Study: owning a medium-sized dog is like driving an SUV 12,000 miles per year
By BEN FORNELL
Staff Writer / Telluride Daily Plant
Published: Wednesday, October 28, 2009 8:12 AM CDT
In the mountains, a 4×4 SUV is almost a necessity if you plan to drive when it’s snowy. But if you live almost anywhere else, the “gas guzzlers” are a target of green scorn.
A pair of researchers in New Zealand ask: Should someone walking their Labrador be equally eco-outcast?
Yes, according to a book released this month by Robert and Brenda Vale, who study the science of sustainability at Victoria University of Wellington, New Zealand.
In “Time to Eat the Dog: The Real Guide to Sustainable Living,” the Vales calculate the ecological paw prints of our pets. The authors encourage the green-minded to look at their decision to buy a companion animal like they would consider buying a plasma television or SUV.
Their statistics show that owning even a medium-sized dog is like owning a 4.6-liter Toyota Land Cruiser and driving it 12,000 miles per year.
The research focuses largely on what dogs and cats eat, calculating the diet of a medium-sized dog to contain 90 grams of meat and 156 grams of cereals in the recommended 300 grams (or about 11 ounces) of dried dog food per day. That works out to about 450 grams of meat and 260 grams of cereal in pre-dried weight.
Environmental “footprints” are calculated in terms of land required to produce the energy, food and other resources a particular human, or pet in this case, needs to survive with its current lifestyle.
Chicken, per kilogram, requires 43.3 square meters of land to generate. Lamb and beef require much more than that, and a kilogram of cereal requires 13.4 square meters to grow.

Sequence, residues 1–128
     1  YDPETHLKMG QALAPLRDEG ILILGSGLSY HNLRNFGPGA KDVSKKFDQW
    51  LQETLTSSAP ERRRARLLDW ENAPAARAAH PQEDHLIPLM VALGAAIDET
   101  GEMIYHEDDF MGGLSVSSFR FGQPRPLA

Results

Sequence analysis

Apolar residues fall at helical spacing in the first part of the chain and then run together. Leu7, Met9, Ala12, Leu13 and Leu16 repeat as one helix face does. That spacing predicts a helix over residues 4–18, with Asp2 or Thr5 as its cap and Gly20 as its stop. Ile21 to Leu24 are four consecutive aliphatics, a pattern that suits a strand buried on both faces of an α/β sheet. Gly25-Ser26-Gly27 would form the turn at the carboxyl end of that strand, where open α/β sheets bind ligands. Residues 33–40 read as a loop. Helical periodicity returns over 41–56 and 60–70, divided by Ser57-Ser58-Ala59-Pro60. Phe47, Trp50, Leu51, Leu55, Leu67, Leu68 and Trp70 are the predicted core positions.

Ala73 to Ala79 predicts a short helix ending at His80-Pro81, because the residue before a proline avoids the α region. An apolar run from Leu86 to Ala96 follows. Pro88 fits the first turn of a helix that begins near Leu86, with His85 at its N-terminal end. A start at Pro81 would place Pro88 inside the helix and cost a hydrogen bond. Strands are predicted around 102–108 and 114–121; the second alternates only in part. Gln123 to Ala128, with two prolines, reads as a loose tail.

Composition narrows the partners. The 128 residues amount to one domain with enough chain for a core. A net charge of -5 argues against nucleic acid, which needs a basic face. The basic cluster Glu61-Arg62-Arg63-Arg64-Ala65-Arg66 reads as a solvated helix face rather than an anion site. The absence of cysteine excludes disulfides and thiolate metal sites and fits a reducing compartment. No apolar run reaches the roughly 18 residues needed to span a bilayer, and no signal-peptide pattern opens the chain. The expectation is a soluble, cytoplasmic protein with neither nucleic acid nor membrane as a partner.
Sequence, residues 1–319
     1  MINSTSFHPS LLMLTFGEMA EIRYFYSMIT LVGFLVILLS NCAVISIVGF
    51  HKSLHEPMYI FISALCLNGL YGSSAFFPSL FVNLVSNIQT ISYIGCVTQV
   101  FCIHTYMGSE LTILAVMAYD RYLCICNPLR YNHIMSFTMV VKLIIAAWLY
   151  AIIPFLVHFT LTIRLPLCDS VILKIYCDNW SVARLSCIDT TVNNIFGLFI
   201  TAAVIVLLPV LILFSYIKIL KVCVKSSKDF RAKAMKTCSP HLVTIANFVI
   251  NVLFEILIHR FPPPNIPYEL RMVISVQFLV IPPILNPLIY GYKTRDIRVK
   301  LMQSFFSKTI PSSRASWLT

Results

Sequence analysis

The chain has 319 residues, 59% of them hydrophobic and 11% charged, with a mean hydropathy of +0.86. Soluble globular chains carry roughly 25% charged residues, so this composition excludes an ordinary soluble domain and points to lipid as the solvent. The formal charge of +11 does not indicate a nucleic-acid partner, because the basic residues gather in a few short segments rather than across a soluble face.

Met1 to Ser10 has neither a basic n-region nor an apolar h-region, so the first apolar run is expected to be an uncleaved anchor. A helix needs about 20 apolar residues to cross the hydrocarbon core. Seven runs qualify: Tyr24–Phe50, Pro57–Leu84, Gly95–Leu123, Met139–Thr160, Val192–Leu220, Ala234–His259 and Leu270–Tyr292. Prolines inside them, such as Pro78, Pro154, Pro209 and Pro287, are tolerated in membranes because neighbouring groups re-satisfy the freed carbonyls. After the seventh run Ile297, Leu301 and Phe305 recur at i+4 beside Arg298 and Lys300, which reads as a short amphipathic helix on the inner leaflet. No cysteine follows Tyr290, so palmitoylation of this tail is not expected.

In all, that gives a medium dog a footprint of 2.07 acres per year. A larger breed (the authors mention a German Shepherd) is more like 2.71 acres per year.
That Land Cruiser, to build and drive 12,000 miles per year, requires about 2 acres worth of energy.
Other ecological impacts of dogs are less dramatic, but the study shows that wildlife areas where owners walk their canines are about 33 percent less diverse in bird populations than similar habitats banned to pets.
Cats are not let off the hook in the study, though dogs are definitely the gas-guzzlers of the animal kingdom. The average cat has an ecological impact of about .37 acres (roughly equivalent to a Volkswagen Golf). Even keeping two hamsters is like owning a large plasma television.
In a town noted for both dog ownership and a commitment to environmental sustainability, the study was received with mixed reactions.
“I feed him like I feed myself,” said Lydia Leonard of her medium-sized pooch. “I think there’s issues with dogs, but I think (the comparison to an SUV is) pushing it.”
Leonard said that she has serious problems with factory pellet food, the kind of diet the study is calculated with, and often gives her pet scraps from the table, which are largely produced locally.
“I don’t see owning dogs like owning 1,000 head of cattle,” Leonard said. “Dogs are not SUVs, and no one is raising a herd of dogs.”
Justin Bridge said he feels a life of mountain recreation isn’t particularly green in the first place. He said he owns snowmobiles and 4×4 SUVs, both because he loves to ski and needs to get to where the stashes are.
“I try to respect a lot of things, but I do use a lot of carbon,” Bridge said. He also said he often feeds his dogs what he’s eating, which mitigates some of the problems stated in the study.
But like Leonard, dogs and carbon output are a non-issue for Bridge.
“She doesn’t drive my truck that much,” he said.
reprinted from the Telluride Daily Planet website